Shange family celebrated Zulu heritage at a venue in a Johannesburg suburb
This past December I celebrated my 21st birthday, and my family held umemulo, a traditional Zulu coming-of-age ceremony for me.
Umemulo is for a young woman turning 21 who is still a virgin. The ceremony is performed in appreciation of her purity.
Purity is not just about being a virgin, it is also about being on your best behaviour for most of your life until you come of age, respecting and listening to your elders and also doing well academically.
Knowing that I would be graduating with a Bachelor of Arts in a few months solidified the purpose of having umemulo which made my family happier.
Umemulo is a very rare ceremony to have in this day and age because very few young women pass the “purity” test. It is even rarer for the ceremony to be held outside of rural KwaZulu-Natal.
In today’s society, media and the overall environment has made a lot of girls to shy away from this beautiful ceremony because it is considered uncool, exploitative and embarrassing to girls.
None of this criticism bothered me. Instead, I felt a sense of pride towards myself for having this ceremony – in the southern suburbs of Johannesburg – because I am a proud Zulu woman and I would take any opportunity to celebrate my heritage.
Umemulo prepares you mentally and physically with regards to increased self-awareness, self-confidence, responsibility and virtue.
The ceremony involved rituals such as the slaughtering of a cow, ukusina (traditional dancing) by maidens and the pinning of money on my head as a symbol of thanks from guests and family members.
A goat was also slaughtered for isiphandla (animal skin wristband) for me to wear on my wrist.
I wear isiphandla with a sense of pride, respect and honour because it is a sign of belonging and celebration of my Zulu culture.
Isiphandla is seen as a link to the ancestors for protection and is not associated with witchcraft as some urban people tend think when they see someone wearing it.
Umemulo is not just the ceremony. There is significance even in the preparations. I was treated like a bride as I had to pick a few close friends that would be my izimpelesi (accompanying maidens) to help me throughout the week until the big celebration.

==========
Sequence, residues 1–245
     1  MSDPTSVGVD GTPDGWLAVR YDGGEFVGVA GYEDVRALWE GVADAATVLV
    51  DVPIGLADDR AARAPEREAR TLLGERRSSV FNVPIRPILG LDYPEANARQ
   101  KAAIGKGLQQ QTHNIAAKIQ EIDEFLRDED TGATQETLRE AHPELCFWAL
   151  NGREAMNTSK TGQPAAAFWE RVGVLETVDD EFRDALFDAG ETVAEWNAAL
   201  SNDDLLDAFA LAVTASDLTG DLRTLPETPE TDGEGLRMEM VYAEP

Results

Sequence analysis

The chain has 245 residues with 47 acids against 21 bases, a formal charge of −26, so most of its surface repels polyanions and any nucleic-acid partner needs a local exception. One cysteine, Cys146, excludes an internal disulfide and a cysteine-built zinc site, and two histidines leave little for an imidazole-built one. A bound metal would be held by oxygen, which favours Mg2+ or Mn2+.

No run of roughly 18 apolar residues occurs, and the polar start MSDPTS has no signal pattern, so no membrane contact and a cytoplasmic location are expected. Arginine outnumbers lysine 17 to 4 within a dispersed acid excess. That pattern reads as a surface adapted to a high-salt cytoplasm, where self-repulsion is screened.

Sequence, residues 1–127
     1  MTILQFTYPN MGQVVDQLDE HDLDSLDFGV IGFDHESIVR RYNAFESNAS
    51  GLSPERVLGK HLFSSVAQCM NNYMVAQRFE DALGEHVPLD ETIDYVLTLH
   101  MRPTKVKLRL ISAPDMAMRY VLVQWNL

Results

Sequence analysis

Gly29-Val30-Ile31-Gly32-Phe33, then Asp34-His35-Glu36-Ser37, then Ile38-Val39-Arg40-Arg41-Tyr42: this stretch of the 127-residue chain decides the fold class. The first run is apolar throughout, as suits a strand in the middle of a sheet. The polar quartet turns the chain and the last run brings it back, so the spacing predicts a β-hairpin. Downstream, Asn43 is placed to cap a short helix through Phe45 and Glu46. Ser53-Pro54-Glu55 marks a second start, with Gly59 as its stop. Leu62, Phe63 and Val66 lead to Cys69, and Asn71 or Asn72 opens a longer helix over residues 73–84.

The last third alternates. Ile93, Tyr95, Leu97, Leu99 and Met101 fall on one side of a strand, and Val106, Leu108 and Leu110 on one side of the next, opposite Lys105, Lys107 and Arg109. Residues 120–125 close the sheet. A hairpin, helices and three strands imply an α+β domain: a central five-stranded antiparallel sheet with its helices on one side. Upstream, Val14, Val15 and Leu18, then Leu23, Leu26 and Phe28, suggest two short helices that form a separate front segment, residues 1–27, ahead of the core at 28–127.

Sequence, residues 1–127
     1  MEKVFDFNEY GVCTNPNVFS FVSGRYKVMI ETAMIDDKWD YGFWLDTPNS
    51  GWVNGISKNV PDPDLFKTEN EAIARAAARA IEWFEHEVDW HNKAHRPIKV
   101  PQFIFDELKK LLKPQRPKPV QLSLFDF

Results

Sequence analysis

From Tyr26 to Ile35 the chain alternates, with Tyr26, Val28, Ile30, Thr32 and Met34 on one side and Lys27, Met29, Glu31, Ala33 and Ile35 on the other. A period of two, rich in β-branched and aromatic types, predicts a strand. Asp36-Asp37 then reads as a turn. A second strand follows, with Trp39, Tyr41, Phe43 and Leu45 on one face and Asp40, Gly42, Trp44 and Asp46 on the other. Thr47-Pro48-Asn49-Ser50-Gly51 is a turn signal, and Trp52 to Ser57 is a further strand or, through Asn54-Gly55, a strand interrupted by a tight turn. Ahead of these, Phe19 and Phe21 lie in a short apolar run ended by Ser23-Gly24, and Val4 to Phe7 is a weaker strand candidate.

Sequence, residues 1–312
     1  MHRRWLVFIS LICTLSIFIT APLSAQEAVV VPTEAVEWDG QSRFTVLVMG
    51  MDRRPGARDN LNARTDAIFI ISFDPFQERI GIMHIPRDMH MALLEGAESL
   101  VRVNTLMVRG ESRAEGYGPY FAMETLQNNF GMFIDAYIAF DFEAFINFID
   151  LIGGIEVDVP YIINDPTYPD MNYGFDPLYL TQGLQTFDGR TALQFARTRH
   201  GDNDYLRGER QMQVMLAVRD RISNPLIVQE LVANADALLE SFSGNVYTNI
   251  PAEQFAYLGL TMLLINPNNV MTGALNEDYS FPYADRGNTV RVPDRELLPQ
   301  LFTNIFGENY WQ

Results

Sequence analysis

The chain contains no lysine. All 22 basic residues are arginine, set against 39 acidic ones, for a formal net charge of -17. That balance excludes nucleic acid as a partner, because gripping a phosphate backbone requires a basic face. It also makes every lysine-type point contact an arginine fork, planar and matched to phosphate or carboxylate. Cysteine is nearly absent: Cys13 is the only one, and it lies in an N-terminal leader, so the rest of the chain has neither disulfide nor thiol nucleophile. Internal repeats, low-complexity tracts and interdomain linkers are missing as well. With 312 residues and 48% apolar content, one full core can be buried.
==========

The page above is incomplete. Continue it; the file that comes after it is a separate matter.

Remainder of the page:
Izimpelesi had to arrive a week before the ceremony as there were formalities that we were required to do together, one of them being practising singing traditional songs and ukusina.
Traditional Zulu dancers were hired in order to help us rehearse because we did not really know what to do in that aspect of the ceremony.
Because my umemulo was held in the city, there had to be some modifications to the celebration. There was no river for us to go to for a cleansing, and we didn’t have clay smeared on our faces.
But, I believe culture is adaptable, and I was happy with my family’s version of umemulo since it satisfied the basic requirements of the ceremony. Most rituals were performed and executed during the ceremony even though my family has been influenced by westernisation and Christianity.
On the day of the ceremony everything felt like a dream as izimpelesi and I got dressed in Zulu traditional attire and I was presented with a spear which is a symbol of strength and victory.
Everybody who was with me through my journey to womanhood was present at the ceremony as we sang and danced for an hour.
Looking back, I am so glad I did not choose to celebrate my 21st birthday by just cutting a cake.
In the olden days, umemulo was the perfect opportunity for a young man with cows to propose marriage to the maiden being celebrated.
None presented himself at the venue where my umemulo was held. There are still many life lessons ahead for me before I am ready for marriage.
FEATURED IMAGE: Guests pin money to Lwandile Shange’s head in appreciation of her purity. Photo: Provided
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